A large convoy comprised of staff from the Rwanda Development Board, the Dian Fossey Gorilla Fund International, and Gorilla Doctors made the one-hour drive to the Rwanda/DRC border. Still groggy from the anesthesia, Dr. Jan said that Ihirwe slept most of the way in the truck, but awoke at the border crossing as curious onlookers began to gather and try to snap photos. ICCN officials and local authorities were on top of crowd control though, and effectively dispersed the gathering people so as not to stress Ihirwe. 

A crowd gathered as Ihirwe was taken across the border from Rwanda to DRC. Photo Credit: Marcus Westberg

Once at the Goma airport, the Gorilla Doctors and Fossey Fund staff met with Yirga Huruy, the coordinator for the MONUC transportation. There were a few delays at the airport, but Yirga found a quiet place for Ihirwe to wait. Dr. Noel, Ihirwe’s primary veterinarian over the last 3 years, stayed with her for several hours, keeping her calm and feeding her bananas and water. Fortunately, she stayed relatively mellow throughout the transfer, and did not need to be sedated. 

From left to right: Drs. Jean Felix, Eddy, Jan, Martin, Noel, and Jacques. Photo Credit: Marcus WestbergOnce the UN M-17 helicopter was readied, the team loaded Ihirwe’s crate in and strapped it down, with her doctors flanking the crate to monitor her condition throughout the flight. 

Drs. Jan and Eddy, along with UN soldiers inside the helicopter. Photo Credit: Marcus Westberg

The MI 17 transport helicopter rescue was part of the U.N.’s regularly scheduled air traffic within the region as part of the U.N. Organization Stabilization Mission in DRC (MONUSCO) effort. This transport was arranged by the Great Ape Surival Partnership (GRASP). The flight reduced what would have a grueling 150-mile (250 kilometers) trip overland to less than two hours.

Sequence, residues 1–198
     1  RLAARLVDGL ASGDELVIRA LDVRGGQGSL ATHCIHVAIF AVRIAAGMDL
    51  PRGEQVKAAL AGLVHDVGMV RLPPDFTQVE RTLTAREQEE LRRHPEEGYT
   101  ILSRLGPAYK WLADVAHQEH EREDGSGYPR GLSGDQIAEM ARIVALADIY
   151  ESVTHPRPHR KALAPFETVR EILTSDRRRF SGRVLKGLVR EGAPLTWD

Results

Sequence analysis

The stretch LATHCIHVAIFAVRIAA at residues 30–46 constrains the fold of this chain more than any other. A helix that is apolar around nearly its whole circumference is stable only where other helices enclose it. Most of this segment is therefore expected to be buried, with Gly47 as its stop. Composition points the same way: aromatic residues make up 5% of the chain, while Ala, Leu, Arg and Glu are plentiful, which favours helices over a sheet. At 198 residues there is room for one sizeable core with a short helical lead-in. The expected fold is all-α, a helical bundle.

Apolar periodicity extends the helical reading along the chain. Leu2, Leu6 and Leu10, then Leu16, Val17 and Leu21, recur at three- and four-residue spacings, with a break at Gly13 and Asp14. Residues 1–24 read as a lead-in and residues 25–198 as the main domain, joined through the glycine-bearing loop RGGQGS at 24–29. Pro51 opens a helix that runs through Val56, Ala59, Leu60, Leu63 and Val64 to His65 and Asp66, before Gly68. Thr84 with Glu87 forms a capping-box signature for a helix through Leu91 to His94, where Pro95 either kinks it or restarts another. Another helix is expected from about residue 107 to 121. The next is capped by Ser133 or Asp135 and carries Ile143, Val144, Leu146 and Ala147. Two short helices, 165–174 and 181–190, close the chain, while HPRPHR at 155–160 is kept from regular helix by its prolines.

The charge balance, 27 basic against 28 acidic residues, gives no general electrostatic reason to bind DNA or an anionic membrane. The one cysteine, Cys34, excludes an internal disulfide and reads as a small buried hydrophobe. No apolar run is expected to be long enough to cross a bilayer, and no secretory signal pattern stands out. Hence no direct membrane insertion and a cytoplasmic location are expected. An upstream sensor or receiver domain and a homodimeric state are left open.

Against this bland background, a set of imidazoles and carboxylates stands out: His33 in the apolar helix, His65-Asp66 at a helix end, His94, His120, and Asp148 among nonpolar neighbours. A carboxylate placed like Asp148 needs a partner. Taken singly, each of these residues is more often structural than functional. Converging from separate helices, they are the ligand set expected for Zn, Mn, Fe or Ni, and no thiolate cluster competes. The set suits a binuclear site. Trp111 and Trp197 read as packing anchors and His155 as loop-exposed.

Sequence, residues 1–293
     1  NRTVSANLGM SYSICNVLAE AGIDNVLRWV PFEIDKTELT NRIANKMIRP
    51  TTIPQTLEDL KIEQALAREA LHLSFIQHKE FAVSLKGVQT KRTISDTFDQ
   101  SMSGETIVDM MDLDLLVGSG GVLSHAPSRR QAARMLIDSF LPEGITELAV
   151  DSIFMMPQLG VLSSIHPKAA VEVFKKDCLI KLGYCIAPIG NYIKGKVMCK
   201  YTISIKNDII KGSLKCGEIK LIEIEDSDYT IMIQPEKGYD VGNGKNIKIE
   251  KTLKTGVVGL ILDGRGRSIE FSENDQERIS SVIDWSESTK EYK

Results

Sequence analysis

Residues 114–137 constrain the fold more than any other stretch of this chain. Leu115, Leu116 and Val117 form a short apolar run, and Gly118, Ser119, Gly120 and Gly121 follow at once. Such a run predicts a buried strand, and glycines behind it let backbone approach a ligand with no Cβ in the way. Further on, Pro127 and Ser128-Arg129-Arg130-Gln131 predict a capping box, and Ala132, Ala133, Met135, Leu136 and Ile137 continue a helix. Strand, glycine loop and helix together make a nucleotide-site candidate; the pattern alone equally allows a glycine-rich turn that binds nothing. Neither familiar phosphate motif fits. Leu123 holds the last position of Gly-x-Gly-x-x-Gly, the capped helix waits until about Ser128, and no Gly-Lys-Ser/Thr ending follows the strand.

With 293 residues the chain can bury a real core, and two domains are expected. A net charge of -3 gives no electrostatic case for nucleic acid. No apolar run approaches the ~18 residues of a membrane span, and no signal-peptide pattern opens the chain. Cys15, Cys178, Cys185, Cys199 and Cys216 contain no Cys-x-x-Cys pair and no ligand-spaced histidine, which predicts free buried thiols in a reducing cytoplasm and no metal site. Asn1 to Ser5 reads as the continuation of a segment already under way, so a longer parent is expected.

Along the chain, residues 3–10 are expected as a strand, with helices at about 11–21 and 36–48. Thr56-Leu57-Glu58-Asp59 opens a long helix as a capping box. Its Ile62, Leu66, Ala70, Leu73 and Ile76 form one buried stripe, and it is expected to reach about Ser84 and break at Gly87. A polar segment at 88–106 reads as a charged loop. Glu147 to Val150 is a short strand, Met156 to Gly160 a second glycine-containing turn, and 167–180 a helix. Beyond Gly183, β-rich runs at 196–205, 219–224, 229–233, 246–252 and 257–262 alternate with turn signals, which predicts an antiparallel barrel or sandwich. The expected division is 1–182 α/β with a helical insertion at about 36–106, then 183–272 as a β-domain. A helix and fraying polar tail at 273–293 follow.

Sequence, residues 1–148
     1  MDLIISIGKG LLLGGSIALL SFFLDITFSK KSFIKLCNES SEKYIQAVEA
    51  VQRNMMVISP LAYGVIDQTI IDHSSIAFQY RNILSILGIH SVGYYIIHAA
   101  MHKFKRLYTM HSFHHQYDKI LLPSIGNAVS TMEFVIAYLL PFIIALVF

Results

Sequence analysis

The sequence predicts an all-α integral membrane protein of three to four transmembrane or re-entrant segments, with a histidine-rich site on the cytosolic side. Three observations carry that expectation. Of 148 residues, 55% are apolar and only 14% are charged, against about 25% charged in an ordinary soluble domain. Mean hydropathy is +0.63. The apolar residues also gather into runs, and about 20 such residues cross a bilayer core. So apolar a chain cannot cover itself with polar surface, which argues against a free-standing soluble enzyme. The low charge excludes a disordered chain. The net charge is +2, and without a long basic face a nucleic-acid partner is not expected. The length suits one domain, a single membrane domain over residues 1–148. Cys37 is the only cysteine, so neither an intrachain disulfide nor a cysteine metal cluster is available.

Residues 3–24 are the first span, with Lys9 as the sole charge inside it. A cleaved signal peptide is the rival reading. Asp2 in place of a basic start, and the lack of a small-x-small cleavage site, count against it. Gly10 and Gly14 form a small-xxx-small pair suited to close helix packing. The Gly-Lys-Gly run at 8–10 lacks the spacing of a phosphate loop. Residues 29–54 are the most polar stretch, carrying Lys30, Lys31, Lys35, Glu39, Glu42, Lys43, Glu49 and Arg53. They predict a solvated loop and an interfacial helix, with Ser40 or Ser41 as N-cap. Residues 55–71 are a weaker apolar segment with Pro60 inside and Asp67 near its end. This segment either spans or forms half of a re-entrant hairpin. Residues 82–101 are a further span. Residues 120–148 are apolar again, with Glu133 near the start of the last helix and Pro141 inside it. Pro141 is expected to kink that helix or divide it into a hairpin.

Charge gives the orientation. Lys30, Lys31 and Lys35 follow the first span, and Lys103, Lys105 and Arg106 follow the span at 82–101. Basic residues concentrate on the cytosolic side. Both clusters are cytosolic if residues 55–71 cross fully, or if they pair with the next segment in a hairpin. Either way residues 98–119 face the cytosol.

The helicopter landed in an area outside of Kusogho, eastern DRC, where there were no access roads. So, the team carried her crate about 400 meters to the GRACE truck, where she would continue her journey on to the sanctuary. 

The Gorilla Doctors staff with UN soldiers in front of the Helicopter. Photo Credit: Marcus Westberg

Carrying Ihirwe from the Helicopter to her new home at the GRACE center. Photo Credit: Marcus Westberg

GRACE and Gorilla Doctors staff carry Ihirwe’s crate through the tall vegetation. Photo Credit: Marcus Westberg

Staff carry Ihirwe across a bridge on the way from the helicopter to GRACE. Photo Credit: Marcus Westberg

GRACE staff with Drs. Jan and Eddy. Photo Credit: Marcus Westberg

GRACE Executive Director Dr. Sonya Kahlenberg was waiting with her staff and Ihirwe’s new caretakers, Kambale and Gilbert, at the truck. The team said that Ihirwe immediately recognized Kambale, who spent time with her at the Kinigi orphan facility to help ease the transition to GRACE.

“The cross-border collaboration that helped bring Ihirwe home to DRC to be with other gorillas has been inspiring to behold, as it demonstrates the commitment of both countries to gorilla welfare and conservation,” said Dr. Kahlenberg. “GRACE is honored to have been part of this effort and looks forward to helping Ihirwe adjust to her new life.”

The day after the move, Dr. Kahlenberg shared this image of Ihirwe at GRACE and reported that “she was happily exploring the forest and is settling in very well with her caregivers… When I went out to the forest to check on them, Ihirwe was laughing hysterically as Kambale was tickling her. She is going to do great here.”

Ihirwe exploring the forest at the GRACE sanctuary. Photo Credit: © GRACE

Ihirwe’s move was a fantastic transboundary effort amongst all conservation partner organizations and governments involved. We are so happy that Ihirwe will be able to join her new gorilla family at GRACE and will continue to provide updates as we receive them from GRACE staff. Best of luck to little Ihirwe! May she live a long and healthy life.


Click below to watch a slideshow of Ihirwe’s remarkable transformation during her time in Gorilla Doctors medical care: